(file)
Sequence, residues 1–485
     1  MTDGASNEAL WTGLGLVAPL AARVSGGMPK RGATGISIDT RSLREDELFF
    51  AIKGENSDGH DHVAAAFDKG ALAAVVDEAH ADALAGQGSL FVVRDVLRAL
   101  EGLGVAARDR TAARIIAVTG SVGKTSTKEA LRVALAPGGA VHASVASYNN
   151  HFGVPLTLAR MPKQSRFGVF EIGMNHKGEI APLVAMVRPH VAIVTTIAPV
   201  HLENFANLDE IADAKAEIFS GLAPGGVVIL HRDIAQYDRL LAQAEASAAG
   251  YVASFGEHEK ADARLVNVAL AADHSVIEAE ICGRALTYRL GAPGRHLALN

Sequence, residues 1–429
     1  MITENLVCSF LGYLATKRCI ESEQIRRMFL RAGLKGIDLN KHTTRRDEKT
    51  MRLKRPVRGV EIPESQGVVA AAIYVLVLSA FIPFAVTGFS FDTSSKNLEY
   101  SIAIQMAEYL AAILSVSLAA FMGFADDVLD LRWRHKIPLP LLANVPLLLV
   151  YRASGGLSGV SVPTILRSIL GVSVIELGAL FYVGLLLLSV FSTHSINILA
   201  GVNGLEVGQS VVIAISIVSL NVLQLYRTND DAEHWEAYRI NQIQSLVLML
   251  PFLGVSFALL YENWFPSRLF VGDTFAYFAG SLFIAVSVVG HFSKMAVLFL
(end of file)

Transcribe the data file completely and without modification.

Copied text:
Sequence, residues 1–485
     1  MTDGASNEAL WTGLGLVAPL AARVSGGMPK RGATGISIDT RSLREDELFF
    51  AIKGENSDGH DHVAAAFDKG ALAAVVDEAH ADALAGQGSL FVVRDVLRAL
   101  EGLGVAARDR TAARIIAVTG SVGKTSTKEA LRVALAPGGA VHASVASYNN
   151  HFGVPLTLAR MPKQSRFGVF EIGMNHKGEI APLVAMVRPH VAIVTTIAPV
   201  HLENFANLDE IADAKAEIFS GLAPGGVVIL HRDIAQYDRL LAQAEASAAG
   251  YVASFGEHEK ADARLVNVAL AADHSVIEAE ICGRALTYRL GAPGRHLALN

Sequence, residues 1–429
     1  MITENLVCSF LGYLATKRCI ESEQIRRMFL RAGLKGIDLN KHTTRRDEKT
    51  MRLKRPVRGV EIPESQGVVA AAIYVLVLSA FIPFAVTGFS FDTSSKNLEY
   101  SIAIQMAEYL AAILSVSLAA FMGFADDVLD LRWRHKIPLP LLANVPLLLV
   151  YRASGGLSGV SVPTILRSIL GVSVIELGAL FYVGLLLLSV FSTHSINILA
   201  GVNGLEVGQS VVIAISIVSL NVLQLYRTND DAEHWEAYRI NQIQSLVLML
   251  PFLGVSFALL YENWFPSRLF VGDTFAYFAG SLFIAVSVVG HFSKMAVLFL